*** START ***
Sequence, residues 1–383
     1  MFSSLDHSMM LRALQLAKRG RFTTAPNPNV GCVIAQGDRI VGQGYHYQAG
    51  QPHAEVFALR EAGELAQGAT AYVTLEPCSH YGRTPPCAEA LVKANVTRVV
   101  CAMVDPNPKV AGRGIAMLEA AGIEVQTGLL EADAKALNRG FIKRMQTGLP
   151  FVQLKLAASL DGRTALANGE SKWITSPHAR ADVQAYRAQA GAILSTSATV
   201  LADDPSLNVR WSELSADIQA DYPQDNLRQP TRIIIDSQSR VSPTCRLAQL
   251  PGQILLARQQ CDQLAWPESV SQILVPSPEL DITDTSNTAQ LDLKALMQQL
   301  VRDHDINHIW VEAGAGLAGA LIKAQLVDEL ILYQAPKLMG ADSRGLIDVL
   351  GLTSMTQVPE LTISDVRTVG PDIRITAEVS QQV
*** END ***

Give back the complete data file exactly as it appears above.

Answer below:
Sequence, residues 1–383
     1  MFSSLDHSMM LRALQLAKRG RFTTAPNPNV GCVIAQGDRI VGQGYHYQAG
    51  QPHAEVFALR EAGELAQGAT AYVTLEPCSH YGRTPPCAEA LVKANVTRVV
   101  CAMVDPNPKV AGRGIAMLEA AGIEVQTGLL EADAKALNRG FIKRMQTGLP
   151  FVQLKLAASL DGRTALANGE SKWITSPHAR ADVQAYRAQA GAILSTSATV
   201  LADDPSLNVR WSELSADIQA DYPQDNLRQP TRIIIDSQSR VSPTCRLAQL
   251  PGQILLARQQ CDQLAWPESV SQILVPSPEL DITDTSNTAQ LDLKALMQQL
   301  VRDHDINHIW VEAGAGLAGA LIKAQLVDEL ILYQAPKLMG ADSRGLIDVL
   351  GLTSMTQVPE LTISDVRTVG PDIRITAEVS QQV